Coloration. Lores sullied white, the longest black-tipped, rest of facial disk light brown or rufescent, generally banded darker; forehead, broad supercilia, and inner webs of the long aigrettes white or buff, speckled and barred with black; ruff white or bull, with dark brown edges ; crown and upper parts generally closely vermiculated and speckled with black on a buff ground, many feathers with black shaft-stripes more or less dentate and irregular, or even broken up, generally broadest on the crown and nape; a pale buff nuchal collar, formed by buff feathers with dark edges; large buff spots tipped with black on the outer scapulars, forming a distinct buff scapular band; quills brown, with paler mottled bands and tips, the bands as usual forming white or buff spots on the outer webs of the primaries, but becoming faint and indistinct on their inner webs, better marked on the secondaries, and running into buff indentations on the inner borders, as also on the primaries near the base; tail brown, with pale cross-bands, all the feathers more or less mottled, especially the middle pair and the outer webs and tips of the others; chin white or buff, throat (part of the ruff-feathers) buff with shafts, tips, and sometimes bars dark brown ; rest of lower surface white or buff, somewhat irregularly black-shafted, and much stippled with fine wavy crossbars more or less broken up; legs, vent, and under tail-coverts nearly or quite uniform white or buff.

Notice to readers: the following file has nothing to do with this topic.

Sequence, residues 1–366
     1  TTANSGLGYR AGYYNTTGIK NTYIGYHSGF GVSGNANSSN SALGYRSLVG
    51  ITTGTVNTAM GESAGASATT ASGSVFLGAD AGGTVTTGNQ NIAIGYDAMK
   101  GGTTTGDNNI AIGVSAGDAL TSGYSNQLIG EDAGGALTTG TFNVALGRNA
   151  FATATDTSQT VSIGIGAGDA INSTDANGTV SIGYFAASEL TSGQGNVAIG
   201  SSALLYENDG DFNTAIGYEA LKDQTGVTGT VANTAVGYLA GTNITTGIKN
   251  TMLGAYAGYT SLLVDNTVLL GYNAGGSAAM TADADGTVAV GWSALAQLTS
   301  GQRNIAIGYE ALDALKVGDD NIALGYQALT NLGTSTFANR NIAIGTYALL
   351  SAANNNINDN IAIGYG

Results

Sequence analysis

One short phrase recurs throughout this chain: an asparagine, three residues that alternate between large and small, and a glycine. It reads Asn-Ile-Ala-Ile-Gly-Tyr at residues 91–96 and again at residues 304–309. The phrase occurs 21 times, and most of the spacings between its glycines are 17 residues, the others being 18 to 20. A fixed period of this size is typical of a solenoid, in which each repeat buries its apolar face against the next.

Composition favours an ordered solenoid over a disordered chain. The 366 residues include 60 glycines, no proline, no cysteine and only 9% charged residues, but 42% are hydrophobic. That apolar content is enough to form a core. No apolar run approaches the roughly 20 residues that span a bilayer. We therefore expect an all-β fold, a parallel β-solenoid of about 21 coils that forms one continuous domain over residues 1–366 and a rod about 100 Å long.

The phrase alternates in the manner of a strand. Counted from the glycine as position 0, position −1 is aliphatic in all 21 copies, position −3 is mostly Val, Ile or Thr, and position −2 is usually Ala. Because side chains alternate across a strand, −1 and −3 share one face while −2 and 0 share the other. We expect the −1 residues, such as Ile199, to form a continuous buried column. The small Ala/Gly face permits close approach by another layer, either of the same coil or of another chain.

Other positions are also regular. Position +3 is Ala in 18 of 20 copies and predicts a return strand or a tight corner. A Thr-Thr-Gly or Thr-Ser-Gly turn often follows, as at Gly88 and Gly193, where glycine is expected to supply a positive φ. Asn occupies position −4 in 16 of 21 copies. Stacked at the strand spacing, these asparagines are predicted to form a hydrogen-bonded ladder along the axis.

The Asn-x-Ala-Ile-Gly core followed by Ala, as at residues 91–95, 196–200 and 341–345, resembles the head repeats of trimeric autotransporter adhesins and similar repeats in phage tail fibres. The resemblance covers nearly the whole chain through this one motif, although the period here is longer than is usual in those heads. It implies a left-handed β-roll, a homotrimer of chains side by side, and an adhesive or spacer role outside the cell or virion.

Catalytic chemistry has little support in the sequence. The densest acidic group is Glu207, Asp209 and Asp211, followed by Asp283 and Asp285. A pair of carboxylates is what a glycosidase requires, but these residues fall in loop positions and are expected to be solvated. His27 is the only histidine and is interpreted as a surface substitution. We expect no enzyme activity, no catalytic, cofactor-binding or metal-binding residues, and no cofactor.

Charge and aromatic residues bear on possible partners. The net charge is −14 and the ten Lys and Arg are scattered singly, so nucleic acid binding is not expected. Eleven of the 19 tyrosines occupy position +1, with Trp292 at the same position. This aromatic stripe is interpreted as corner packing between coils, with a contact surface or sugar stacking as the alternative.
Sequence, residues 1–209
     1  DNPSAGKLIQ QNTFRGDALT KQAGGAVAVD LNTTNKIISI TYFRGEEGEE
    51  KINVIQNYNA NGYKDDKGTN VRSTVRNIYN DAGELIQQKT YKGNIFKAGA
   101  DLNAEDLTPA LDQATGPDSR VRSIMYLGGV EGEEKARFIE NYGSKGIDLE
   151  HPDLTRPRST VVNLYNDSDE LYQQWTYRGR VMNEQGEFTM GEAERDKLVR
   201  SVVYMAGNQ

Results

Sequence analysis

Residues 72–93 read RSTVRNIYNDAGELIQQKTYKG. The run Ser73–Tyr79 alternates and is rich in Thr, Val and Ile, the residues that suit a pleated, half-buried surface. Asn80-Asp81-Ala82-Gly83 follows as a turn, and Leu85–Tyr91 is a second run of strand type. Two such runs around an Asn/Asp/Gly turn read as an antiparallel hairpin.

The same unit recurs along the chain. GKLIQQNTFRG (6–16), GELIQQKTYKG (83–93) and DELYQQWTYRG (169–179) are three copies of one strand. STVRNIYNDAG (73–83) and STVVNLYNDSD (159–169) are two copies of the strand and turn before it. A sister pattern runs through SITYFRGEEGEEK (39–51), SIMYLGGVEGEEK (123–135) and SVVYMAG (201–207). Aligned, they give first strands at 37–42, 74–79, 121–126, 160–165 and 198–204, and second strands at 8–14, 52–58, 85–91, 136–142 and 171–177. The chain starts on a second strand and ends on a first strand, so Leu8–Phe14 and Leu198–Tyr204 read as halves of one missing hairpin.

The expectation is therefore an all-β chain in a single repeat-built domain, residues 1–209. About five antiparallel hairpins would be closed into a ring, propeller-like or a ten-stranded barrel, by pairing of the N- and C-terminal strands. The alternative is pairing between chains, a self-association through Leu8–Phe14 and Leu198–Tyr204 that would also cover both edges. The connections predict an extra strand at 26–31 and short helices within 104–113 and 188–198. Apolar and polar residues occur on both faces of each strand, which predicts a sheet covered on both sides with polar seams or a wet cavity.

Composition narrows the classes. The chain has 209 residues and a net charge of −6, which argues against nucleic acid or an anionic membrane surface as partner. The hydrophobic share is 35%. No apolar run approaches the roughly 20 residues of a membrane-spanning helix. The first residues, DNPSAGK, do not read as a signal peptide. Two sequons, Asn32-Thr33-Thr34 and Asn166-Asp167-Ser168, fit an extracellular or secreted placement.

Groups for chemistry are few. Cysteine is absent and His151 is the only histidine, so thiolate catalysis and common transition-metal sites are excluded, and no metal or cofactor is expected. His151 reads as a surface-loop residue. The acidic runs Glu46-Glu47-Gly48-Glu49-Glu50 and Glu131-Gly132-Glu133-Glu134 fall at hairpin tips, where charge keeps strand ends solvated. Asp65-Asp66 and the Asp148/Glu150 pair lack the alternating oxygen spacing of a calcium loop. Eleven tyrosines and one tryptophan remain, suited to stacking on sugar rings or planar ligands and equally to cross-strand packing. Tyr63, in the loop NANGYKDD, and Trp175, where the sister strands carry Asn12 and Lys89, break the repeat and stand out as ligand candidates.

Some birds are more rufous than others. Young birds are very indistinctly coloured, the prevalent markings being close, irregular, dusky cross-bars.
Bill horny (yellowish or greenish), darker above; irides varying from yellow to brown; cere dusky ; feet fleshy grey to greenish yellow. Tarsi stout, feathered to the base of the toes, the feathering sometimes in Himalayan birds concealing the junction of the middle and inner toe, but generally stopping just short of it. 4th quill usually longest, 5th subequal, 1st shorter than 10th.
Length of Himalayan birds about 10 inches; tail 3.25; wing 6.75 ; tarsus 1.25 ; bill from gape 1. South Indian, Ceylonese, and Malayan birds are considerably smaller : length about 8, wing 6.
Distribution. Throughout the Oriental Region. This Owl is found in all parts of India, Ceylon, and Burma, except in absolute deserts and in the higher Himalayas.
The Owls classed together in the present species were united by Blyth and, at one time, by Jerdon, but have since been divided into four by Hume. The four species are :—